Thursday, June 23, 2011

Gold!


Just a few days ago, as I hiked Gregory Canyon west of Boulder, I saw the common sulphur flower in its full glory. This is Eriogonum umbellatum v. umbellatum, the type form of the most universal of western buckwheats. There are those who don't like yellow in the garden: to them, I say "fiddlesticks" or "phooey!". Nature loves yellow, and lavishes it everywhere...There are dozens of subspecies of just this one species of buckwheat: I've grown nearly a dozen in my day. But these two forms are the ones that have stuck by me longest.

Here a month ago is the Western slope subspecies of E. umbellatum, var. aureum, in Wildflower Treasures garden.

This picture just taken a week or so ago shows why this is one of the great groundcovers: thrives in Denver with no supplemental water, but certainly loves it when it gets a bit. In a week or so this will turn a burnished orange, with reddish tints. Even the plant in seed is stunning. And of course the mat turns a burnished red all winter long.

The common sulphur flower is anything but common in its utility: it is a rare plant that delivers such a long season of glory for us, requiring so little attention or fuss. And it delivers gold in spadefuls. It always comes into fullest bloom around the solstice, reflecting the shimmering brilliance of the very sun when we enjoy the longest days and hours of golden light.


Yellow flowers? I say Hallelujah!








Thursday, June 16, 2011

Flocks and flocks of phox




Few spectacles enchant me more each spring than the masses of creeping phlox that carpet the steppe, prairie, meadows and tundra of the West. Everyone knows the Eastern phloxes--the ones sold at every garden center. There are a half dozen species (or less) found east of the Mississippi, and these are pretty well known in garden centers and are certainly revered among rock gardeners. The dozens and dozens of species of Western microphloxes are another matter: they are wonderfully treated in a brand new monograph by Jim Locklear (do check out the hyperlink if you don't know this modern classic)...


But I have a quibble with this book: Jim lumps this luscious phlox shown above (and below) with the straggly Phlox longifolia found universally in the west. I don't deny they are related (after all, Twiggy and Dolly Parton could well be cousins). But for gardeners, Phlox grayi is THE Western phlox. These pictures were taken on the green roof (for Heaven's sake) at Denver Botanic Gardens new Children's garden. There are vast sweeps of the phlox that have been blooming for the better part of the last two months. And the variation is spellbinding.


I first obtained this phlox from Sonia Lowzow Collins, a wonderful gardener who lived in Showlow Arizona. My plants thrived a few years over twenty years ago and finally perished. I was thrilled when Allan Bradshaw recollected seed of this plant, and from his seed Laporte Avenue Nursery produced abundant plants, which found their way onto the Children's Garden last fall: these have thrived and bloomed prodigiously.


Among them are a few particularly stunning selections, like the one below...



A xeric phlox, with that sort of color, that blooms for months in the spring and reblooms in late summer: I don't know about you, but that sounds like a winner to me.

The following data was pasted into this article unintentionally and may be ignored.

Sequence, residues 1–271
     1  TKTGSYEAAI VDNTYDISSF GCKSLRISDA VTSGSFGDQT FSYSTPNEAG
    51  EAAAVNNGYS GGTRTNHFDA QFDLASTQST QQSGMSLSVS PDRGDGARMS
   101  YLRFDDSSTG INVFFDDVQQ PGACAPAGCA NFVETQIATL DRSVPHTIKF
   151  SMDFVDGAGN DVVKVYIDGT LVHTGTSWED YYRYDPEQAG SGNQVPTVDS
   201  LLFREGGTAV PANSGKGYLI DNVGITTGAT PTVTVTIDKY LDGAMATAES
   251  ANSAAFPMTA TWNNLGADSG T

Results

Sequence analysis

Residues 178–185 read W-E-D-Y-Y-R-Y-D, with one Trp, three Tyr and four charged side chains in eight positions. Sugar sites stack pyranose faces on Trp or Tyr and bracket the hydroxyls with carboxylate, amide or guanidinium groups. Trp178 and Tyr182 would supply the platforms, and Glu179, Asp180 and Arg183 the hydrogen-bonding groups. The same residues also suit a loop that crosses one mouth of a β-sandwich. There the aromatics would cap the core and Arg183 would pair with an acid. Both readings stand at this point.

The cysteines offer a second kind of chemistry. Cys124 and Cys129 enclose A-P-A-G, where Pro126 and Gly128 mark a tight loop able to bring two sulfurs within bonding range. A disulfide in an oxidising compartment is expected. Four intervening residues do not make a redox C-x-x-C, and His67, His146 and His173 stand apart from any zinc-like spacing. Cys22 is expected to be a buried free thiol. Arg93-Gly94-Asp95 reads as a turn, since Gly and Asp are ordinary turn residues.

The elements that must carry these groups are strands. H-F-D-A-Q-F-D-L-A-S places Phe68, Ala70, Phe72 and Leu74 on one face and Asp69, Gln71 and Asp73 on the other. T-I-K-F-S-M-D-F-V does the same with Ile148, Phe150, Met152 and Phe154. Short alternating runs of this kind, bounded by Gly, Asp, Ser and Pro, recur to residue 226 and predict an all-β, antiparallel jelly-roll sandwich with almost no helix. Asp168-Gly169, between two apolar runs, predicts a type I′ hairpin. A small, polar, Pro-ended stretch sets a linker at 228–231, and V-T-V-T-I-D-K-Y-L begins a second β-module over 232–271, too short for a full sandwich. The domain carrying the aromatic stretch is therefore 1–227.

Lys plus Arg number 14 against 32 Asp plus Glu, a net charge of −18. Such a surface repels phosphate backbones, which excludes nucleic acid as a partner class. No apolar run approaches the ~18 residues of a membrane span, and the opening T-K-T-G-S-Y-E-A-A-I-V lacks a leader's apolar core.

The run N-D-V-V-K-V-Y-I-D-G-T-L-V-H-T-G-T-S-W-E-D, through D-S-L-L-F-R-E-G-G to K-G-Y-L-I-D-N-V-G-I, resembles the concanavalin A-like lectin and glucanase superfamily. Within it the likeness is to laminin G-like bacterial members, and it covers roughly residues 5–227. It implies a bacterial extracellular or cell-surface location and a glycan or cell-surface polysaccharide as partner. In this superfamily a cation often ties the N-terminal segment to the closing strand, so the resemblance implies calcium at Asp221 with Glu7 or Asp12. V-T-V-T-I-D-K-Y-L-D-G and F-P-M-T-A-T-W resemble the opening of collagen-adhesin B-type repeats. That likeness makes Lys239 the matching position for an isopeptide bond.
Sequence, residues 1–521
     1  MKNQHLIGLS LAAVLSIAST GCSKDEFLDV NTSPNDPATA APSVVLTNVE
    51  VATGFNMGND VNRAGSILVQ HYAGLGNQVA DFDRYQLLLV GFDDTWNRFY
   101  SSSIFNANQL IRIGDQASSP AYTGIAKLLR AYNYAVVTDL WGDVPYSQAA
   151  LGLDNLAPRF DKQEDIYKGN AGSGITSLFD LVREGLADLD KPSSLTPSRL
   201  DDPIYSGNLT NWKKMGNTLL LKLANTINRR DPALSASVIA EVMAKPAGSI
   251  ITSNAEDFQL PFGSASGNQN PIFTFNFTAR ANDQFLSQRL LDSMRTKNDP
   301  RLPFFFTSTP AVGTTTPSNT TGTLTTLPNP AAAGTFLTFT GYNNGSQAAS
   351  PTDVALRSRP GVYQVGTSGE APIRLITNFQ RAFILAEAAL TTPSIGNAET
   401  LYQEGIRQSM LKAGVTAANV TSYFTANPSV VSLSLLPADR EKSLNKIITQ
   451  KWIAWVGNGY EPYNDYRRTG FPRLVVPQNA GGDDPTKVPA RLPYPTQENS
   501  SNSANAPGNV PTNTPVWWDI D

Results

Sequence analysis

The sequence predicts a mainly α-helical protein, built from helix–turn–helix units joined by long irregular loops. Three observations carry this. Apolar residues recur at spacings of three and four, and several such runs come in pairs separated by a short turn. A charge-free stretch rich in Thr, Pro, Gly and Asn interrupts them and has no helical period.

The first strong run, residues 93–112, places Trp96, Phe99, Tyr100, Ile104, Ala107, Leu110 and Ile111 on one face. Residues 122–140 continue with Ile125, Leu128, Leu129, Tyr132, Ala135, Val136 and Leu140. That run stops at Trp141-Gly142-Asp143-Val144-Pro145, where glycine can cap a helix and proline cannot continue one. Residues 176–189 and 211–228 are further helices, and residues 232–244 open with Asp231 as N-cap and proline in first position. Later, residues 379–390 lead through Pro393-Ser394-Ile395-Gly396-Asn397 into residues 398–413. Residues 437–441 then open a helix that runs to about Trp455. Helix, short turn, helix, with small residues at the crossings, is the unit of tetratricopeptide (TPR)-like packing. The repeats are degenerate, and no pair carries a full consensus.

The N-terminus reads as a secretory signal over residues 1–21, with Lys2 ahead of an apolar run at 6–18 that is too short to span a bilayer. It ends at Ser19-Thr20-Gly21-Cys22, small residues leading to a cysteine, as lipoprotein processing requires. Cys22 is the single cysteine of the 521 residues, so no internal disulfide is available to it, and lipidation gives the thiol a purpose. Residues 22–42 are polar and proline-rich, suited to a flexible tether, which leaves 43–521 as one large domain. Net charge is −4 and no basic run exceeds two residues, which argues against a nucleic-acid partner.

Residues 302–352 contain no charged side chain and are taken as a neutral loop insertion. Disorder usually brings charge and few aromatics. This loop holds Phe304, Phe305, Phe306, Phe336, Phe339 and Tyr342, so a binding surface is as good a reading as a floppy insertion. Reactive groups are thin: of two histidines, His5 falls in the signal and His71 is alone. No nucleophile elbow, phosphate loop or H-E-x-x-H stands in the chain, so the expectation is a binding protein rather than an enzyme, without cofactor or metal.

If you get by the Gardens in the next few weeks, you will see what I mean. Do make sure to check out the Children's Garden: it's not just for tykes. It's full of gorgeous rarities not found elsewhere at DBG (or at any other public garden in the world)...


Aaaah. What wonderful times these are!













Wednesday, June 1, 2011

Dark beauty

Iris barnumae v. barnumae



Iris 'Oyez'


Various Arilbreds on East Ridge


There is a problem area in my garden we've dubbed East Ridge: not many choice or interesting things seemed to grow there because of the deep sandy soil and extreme dryness until one day when I put an arilbred on the slope. It waxed and thrived so (something arilbreds don't often do) I realized I'd inadvertently discovered a perfect spot to collect this marvellous group of plants. Two years worth of bonanzas from the Aril Society international, some trades and purchases, the slope now has dozens, maybe even a hundred or more plants established.


For the last month or more I have had the delight of watching a parade of aril and arilbred irises bloom along the length and breadth of East Ridge. The show is not over yet, but it's past its peak. We were blessed with incredibly cool, often rainy weather this past month, so the flowers lasted and lasted. One blossom lasted a whole week!


Although I am a devotee of the tiny and delicate beardless irises (in fact, most anything in that family enchants me), I grudgingly admit that Tall Bearded irises join peonies and roses as queens of garden sumptuousness. But when it comes to allure, the arils and arilbred irises are right up there with the sexiest aroids and orchids for sheer gorgeousness and exoticism.


You may have noticed that my posts have slowed to a trickle in the last month: I've been to busy worshiping these amazing plants. I am sad to see the show slow down and just can't wait till NEXT April now as the clumps increase and the show goes on again!